I wrote almost every day. I was busy. I had children and a day job and we always had money trouble, and that takes a lot time. I wrote through money trouble and moves and kids and fights and deaths. I was not disciplined. I wrote because I love to write. Because it is fun, because it is deeply strangely satisfying, because I want to. I wrote novels and short stories and letters and essays. I was always working on something. Then I decided that if only I could get a better paying job, if only I didn’t have to worry about money so much, if only I could find a job that was more satisfying than my current school district job so much of which is typing spine labels for books and telling teenagers to SHHH when I really don’t care how noisy they are, if they are eating candy, going on Facebook, sitting on the floor, playing cards, kissing, playing chess—yes that is a real rule, no chess playing—if only I had a job that paid a little more and that was a little more satisfying, then wouldn’t I be able to write better, write more, wouldn’t my psychological space be freed up so I could write more and better. And so I went back to school. For a long time I still wrote. I wrote half of a novel and then I got stuck. I could not concentrate. I had homework. I had papers, essays with citations and thesis statements. I went back to college and now I am in double school, now school is all there is– at an age when I should be retiring, shouldn’t I?, sitting on a beach, writing, or in a coffeehouse at least, I am working in school and going to school and I haven’t written in months and sometimes I wonder if I will again. It occurs to me for the first time that writing might be something you stop doing. Is it like all those other things I’ve forgotten? I am stuck in the middle of a novel and I can’t find my way out and I don’t have ten minutes to think about it, literally, and was it better when I was just going to my job and then coming home and writing my story and worrying about money now and then, yes, but having time because you can always find half an hour if you want to, people say they can’t but they watch TV, wasn’t it better then, when every moment wasn’t spoken for, literally, every minute, and every bit of my mental space? So even now I’m thinking what about my paper, what about the science test next week, what about Sarte and Thomas Aquinas and climate change and the science paper and the English test, worth 9 credits, and the podcast (three of them—the teacher really gets carried away) and the 2 power points and the correspondence course from the Mormons. Can I still write a novel? Do I remember how? I am writing a paper on global concerns. I am writing about Sartre’s response to the idea that we are have only an illusion of free will. And there is the Mormon class, 3 general elective credits. What is the size of Ireland and you have to answer half the size of Utah. Approximately.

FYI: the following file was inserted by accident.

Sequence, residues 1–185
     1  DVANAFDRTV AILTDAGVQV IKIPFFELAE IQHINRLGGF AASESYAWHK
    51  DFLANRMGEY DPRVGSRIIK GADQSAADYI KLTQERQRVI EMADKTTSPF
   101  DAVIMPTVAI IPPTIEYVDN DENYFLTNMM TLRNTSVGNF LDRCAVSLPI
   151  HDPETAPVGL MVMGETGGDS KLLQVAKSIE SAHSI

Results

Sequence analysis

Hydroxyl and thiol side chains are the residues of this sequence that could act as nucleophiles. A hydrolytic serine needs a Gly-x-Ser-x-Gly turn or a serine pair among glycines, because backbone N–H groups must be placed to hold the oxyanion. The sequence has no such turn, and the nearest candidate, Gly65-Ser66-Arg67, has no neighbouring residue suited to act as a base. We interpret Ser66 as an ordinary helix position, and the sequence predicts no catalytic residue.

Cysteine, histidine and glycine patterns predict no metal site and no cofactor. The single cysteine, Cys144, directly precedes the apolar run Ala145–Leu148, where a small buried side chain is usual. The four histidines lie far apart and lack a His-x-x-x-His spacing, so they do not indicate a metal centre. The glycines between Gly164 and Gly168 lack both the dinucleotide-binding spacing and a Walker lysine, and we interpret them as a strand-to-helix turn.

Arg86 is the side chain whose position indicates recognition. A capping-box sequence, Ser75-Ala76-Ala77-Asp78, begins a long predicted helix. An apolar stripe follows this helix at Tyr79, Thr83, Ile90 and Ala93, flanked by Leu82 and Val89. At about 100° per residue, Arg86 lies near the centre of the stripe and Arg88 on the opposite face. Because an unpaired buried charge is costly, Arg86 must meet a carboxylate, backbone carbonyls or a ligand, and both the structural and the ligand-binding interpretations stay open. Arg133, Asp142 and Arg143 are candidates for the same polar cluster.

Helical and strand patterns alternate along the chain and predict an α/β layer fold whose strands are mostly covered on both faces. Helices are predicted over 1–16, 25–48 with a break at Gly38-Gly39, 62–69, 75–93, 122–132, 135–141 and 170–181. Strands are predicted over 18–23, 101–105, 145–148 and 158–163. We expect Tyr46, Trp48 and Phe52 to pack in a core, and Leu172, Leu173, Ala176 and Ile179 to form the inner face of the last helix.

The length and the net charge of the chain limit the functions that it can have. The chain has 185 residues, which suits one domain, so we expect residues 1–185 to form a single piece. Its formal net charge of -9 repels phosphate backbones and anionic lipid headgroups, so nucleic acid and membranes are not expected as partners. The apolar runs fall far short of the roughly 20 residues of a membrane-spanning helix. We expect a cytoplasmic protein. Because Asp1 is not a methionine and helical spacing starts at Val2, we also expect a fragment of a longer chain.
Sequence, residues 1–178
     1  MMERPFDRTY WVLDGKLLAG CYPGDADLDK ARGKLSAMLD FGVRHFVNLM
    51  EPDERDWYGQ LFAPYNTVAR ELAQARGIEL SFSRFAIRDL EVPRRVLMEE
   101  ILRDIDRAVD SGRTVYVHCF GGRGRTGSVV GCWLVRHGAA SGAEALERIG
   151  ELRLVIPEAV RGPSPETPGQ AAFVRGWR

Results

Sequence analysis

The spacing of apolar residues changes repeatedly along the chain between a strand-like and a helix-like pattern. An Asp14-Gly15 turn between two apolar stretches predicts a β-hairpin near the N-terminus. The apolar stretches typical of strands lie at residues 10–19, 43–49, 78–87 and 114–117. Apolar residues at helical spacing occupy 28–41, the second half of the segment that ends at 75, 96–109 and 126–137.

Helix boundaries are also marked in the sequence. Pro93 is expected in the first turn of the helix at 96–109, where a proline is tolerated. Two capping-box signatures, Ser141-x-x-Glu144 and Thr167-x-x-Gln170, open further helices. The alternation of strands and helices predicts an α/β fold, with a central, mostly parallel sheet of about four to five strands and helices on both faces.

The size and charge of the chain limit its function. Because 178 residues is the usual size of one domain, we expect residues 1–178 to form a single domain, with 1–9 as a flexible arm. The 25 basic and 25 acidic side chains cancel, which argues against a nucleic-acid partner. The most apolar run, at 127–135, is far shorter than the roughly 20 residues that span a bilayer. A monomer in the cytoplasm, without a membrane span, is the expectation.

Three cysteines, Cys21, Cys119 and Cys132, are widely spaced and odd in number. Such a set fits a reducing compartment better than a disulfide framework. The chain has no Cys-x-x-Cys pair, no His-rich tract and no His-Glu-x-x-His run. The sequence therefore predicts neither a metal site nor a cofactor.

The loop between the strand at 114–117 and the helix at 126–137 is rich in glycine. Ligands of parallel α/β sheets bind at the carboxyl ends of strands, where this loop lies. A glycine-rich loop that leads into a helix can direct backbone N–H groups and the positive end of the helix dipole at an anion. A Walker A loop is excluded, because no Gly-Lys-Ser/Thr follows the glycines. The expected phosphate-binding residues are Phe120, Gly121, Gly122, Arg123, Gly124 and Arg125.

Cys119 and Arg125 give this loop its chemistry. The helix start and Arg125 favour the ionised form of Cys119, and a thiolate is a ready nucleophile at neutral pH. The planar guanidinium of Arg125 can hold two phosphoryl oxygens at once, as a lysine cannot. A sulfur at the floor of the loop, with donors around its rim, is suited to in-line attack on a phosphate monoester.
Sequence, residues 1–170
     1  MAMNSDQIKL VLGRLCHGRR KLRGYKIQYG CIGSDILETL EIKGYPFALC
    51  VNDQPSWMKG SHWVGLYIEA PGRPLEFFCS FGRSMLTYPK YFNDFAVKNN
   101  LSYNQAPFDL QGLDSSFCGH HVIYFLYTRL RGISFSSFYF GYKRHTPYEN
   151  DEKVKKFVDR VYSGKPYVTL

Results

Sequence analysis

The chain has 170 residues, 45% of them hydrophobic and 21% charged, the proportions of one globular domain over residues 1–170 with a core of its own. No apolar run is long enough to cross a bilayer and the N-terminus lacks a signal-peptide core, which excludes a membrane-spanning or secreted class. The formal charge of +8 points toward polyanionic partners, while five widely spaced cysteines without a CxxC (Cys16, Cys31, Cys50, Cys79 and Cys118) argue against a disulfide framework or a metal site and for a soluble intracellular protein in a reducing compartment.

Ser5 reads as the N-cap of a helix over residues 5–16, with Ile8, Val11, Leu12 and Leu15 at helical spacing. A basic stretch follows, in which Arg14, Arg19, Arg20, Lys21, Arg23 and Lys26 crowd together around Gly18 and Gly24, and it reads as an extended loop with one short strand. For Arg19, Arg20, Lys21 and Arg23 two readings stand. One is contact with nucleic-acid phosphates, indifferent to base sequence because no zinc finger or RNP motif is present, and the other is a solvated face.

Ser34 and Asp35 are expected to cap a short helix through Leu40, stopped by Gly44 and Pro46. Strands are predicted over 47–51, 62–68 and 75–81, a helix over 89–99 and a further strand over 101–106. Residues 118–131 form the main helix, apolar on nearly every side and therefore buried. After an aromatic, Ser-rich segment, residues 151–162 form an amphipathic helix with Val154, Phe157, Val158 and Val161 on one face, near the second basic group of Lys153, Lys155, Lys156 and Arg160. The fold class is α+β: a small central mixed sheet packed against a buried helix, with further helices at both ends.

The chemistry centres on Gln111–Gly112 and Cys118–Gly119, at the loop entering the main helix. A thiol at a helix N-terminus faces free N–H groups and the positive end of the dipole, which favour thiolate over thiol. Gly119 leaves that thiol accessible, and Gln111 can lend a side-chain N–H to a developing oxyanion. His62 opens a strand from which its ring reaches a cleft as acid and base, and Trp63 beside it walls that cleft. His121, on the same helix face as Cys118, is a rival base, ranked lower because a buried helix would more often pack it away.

I went into the post office at a place called Seabrook and asked the white man working there if he knew of a town named Seabrook Village where blacks had settled after the war. And he said, lady, the whole place was settled by black people. We were on St. Helena Island, in SC, one of the Gullah Islands, islands inhabited by ex-slaves from Sierra Leone mostly. On St. Helena Island we found a restaurant called Gullah Grub that looked like someone’s house and I ate fried soft shell crab. We bought in beers from the filling station next door. The Union army occupied the islands at the beginning of the war, but they weren’t always heroes about it. Down the road from Gullah Grub, we found The Penn Center where ex-slaves went to school, where people worked to protect land rights for local blacks and where Martin Luther King Jr. once lived. At Penn Center there is a museum and conference rooms, houses, and there is a church built by black men when they were still slaves. There is a garden and there are big trees. We walked all around the grounds. So peaceful and humbling.